Of Wilderness, Forest, and Garden: An Eco-Theory of Genre in Middle English Literature
By Barbara L. Bolt
PhD Dissertation, University of South Carolina – Columbia, 2015
Abstract: “Of Wilderness, Forest, and Garden: An Eco-Theory of Genre in Middle English Literature” proposes a new theory of genre that considers the material elements of the natural environment in Middle English literature composed between 1300-1450 CE. Instead of treating the setting as just a backdrop for human activity, I posit that the components of the environment play a role in the deployment of the narrative by shaping the characters and influencing the action. More than an acknowledgement of the particular natural features, this study explores the role that these components play and how they give us a deeper understanding of the text. This project presents a view of the text that both engages and augments the traditional genre classification, offering a way to study a lesser considered subject in medieval literature—the material world of the setting—by reassessing the genre classification of the texts.
By teasing out the material details of the setting, an eco-theory of genre cuts across conventional genres and offers another way to connect medieval texts. I argue that, instead of romance, Breton Lai, ballad, and fabliau, the texts examined in this dissertation are wilderness, forest, or garden poems. The eco-theory of the genre wilderness sees the adversarial elements in an untamed environment. The forest genre is a space of rules and regulations that circumscribe the environment and, in turn, manage the resources found there. The genre of the garden focuses on the conflict between what is manmade and what is natural and considers which of these is more real. By thoroughly investigating the representations of material nature within certain Middle English texts, such as Sir Gawain and the Green Knight, The Geste of Robyn Hode, and “The Franklin’s Tale” from The Canterbury Tales, it is the aim of this dissertation to demonstrate that medieval people negotiated the divide between the philosophy of nature and the lived experience of nature through literature.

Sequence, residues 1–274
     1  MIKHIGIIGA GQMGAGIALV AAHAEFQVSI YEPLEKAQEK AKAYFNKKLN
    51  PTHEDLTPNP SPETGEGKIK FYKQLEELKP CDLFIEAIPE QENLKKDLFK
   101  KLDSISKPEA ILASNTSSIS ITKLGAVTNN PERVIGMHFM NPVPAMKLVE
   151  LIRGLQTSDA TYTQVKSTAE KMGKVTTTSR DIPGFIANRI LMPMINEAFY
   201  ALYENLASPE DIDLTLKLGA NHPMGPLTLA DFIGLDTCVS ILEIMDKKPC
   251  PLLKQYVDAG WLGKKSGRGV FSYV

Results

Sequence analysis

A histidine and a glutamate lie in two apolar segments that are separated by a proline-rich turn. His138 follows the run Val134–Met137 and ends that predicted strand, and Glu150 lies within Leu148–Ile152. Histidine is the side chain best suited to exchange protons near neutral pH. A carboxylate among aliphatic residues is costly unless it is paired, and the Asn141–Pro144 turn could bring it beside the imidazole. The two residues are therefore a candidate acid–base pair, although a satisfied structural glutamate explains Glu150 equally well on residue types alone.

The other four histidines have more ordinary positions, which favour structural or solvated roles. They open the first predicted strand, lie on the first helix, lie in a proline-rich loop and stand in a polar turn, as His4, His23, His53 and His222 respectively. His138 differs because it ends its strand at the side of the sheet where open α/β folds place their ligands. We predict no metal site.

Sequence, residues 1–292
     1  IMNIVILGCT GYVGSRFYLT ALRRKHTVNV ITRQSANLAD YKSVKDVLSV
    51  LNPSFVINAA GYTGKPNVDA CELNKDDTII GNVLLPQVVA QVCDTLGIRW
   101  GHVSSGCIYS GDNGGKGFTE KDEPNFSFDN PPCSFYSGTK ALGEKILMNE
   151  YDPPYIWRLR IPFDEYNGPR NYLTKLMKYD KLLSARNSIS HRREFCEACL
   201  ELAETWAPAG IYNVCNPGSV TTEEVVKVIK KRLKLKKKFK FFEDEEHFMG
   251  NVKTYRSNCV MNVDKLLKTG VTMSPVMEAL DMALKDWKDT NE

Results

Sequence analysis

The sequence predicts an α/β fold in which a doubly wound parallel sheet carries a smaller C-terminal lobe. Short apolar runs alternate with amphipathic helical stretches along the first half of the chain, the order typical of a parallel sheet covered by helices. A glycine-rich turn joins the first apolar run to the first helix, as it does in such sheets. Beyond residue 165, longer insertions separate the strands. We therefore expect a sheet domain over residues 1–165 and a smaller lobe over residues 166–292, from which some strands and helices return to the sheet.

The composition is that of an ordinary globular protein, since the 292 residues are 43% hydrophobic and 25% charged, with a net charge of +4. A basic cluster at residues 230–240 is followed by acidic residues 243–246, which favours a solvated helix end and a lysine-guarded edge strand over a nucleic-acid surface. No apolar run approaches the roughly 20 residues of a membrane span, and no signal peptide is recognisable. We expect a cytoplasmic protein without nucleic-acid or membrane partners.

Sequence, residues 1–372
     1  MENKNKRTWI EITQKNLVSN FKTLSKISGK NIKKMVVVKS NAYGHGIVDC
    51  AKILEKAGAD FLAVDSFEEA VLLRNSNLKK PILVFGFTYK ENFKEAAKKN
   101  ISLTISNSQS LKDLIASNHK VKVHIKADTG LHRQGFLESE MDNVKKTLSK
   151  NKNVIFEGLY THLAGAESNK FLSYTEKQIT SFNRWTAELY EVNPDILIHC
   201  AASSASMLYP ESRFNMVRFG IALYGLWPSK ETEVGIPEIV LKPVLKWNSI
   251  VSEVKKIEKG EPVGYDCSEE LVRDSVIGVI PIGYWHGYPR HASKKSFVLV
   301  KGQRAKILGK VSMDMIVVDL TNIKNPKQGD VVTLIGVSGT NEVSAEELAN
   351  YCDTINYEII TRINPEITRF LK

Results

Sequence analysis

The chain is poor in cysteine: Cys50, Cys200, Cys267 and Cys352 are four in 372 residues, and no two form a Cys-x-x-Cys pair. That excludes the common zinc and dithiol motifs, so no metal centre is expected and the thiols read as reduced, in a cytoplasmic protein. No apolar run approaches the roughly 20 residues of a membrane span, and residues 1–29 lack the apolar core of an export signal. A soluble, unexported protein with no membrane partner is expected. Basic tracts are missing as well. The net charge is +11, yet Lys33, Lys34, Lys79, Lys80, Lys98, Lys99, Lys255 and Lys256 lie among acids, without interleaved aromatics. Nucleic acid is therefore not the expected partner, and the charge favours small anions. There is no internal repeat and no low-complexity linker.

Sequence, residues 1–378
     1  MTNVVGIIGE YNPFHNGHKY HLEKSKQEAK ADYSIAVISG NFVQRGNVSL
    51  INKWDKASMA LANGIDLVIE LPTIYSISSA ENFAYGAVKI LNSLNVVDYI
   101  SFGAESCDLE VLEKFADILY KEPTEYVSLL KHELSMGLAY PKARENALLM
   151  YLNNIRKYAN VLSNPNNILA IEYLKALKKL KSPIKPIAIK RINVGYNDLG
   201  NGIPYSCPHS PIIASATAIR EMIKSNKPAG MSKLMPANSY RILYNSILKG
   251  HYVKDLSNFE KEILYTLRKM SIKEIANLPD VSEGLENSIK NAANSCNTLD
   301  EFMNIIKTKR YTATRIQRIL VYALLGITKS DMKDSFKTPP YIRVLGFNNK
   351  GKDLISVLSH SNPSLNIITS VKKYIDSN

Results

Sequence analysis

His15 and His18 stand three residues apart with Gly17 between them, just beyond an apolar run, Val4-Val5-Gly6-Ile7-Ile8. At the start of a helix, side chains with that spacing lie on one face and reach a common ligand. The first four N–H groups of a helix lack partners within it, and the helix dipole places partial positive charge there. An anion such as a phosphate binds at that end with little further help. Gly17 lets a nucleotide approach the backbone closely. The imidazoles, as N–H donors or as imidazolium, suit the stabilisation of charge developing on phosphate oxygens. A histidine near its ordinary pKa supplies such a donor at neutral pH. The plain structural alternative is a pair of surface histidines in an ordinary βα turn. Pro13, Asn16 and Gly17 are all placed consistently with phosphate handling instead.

Introduction: In the Middle English Yvain and Gawain, the knight Colgrevance of King Arthur’s Round Table seeks a magic spring. When he finds it, he triggers a storm that rivals any he has ever seen:
The weder wex than wonder-blak,
And the thoner fast gan crak.
Thare come slike stormes of hayl and rayn,
Unnethes I might stand thare ogayn;
The store windes blew ful lowd,
So kene come never are of clowd.
I was drevyn with snaw and slete,
Unnethes I might stand on my fete.
In my face the levening smate,
I wend have brent, so was it hate,
That weder made me so will of rede,
I hopid sone to have my dede;
And sertes, if it lang had last,
I hope I had never thethin past. (369-82)
All of the phenomena that Colgrevance lists are naturally occurring: rain, sleet, snow, thunder, and lightning, and anyone who has been caught out in the open during a severe thunderstorm recognizes the drama Colgrevance describes. A conventional critique of this episode as part of a medieval romance poem considers how Colgrevance exposes his vulnerability to the elements of very foul weather to see if he can survive and therefore affirm his identity as a knight in that survival.